My hostel was fully booked that evening so after some more super cheap food at the place across from Circus Hostel I grabbed my stuff and moved to Paizen River Jam hostel where Amy was staying as it was a much more chilled vibe after four days at the crazy Circus Hostel. We didn’t party that night because after the long day both of us just wanted to get some sleep. Amy does geo-caching, a kind of world wide treasure hunt, where you use an app on your phone to find small boxes or tubes that people have hidden around the world. Then you open the box and add your name to a slip of paper inside and re-hide it for the next person. So before heading to bed we went in search of the only two geo-caches that were hidden in Pai, and found both!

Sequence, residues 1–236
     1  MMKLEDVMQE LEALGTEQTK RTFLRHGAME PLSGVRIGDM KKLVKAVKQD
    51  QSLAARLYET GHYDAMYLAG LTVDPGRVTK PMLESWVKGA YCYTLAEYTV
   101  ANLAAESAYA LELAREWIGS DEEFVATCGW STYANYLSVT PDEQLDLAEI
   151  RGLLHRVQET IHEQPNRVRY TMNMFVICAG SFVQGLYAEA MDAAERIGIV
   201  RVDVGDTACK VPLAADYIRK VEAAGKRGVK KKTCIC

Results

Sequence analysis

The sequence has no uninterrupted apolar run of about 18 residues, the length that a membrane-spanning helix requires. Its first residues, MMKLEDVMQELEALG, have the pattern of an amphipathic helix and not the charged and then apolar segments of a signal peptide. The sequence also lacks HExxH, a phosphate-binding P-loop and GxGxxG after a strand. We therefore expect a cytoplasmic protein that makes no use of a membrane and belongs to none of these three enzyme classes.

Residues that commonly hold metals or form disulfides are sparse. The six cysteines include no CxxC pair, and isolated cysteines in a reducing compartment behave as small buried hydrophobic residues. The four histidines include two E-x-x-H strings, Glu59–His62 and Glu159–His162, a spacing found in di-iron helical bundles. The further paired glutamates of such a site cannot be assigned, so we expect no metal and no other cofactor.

The next day there was a festival called Norwegian Wood in the afternoon. I did some much needed clothes shopping in the morning and bought a hoodie, two shirts and two pairs of pants for about £10! I met the rest of our small crew around 2pm at Sabai Gardens where they were all staying. We walked down to the Sunset Bar first for a few drinks and then we headed off on quite a long walk to where the festival was. It was quite strange, not the usual festival vibe we expected – very chilled and very local, almost all Thai people. At first we were the only ones there, and didn’t want to spend a lot of money on beers at the bar so kept walking down the road to a little shop selling them at half the price and then sneaking them in.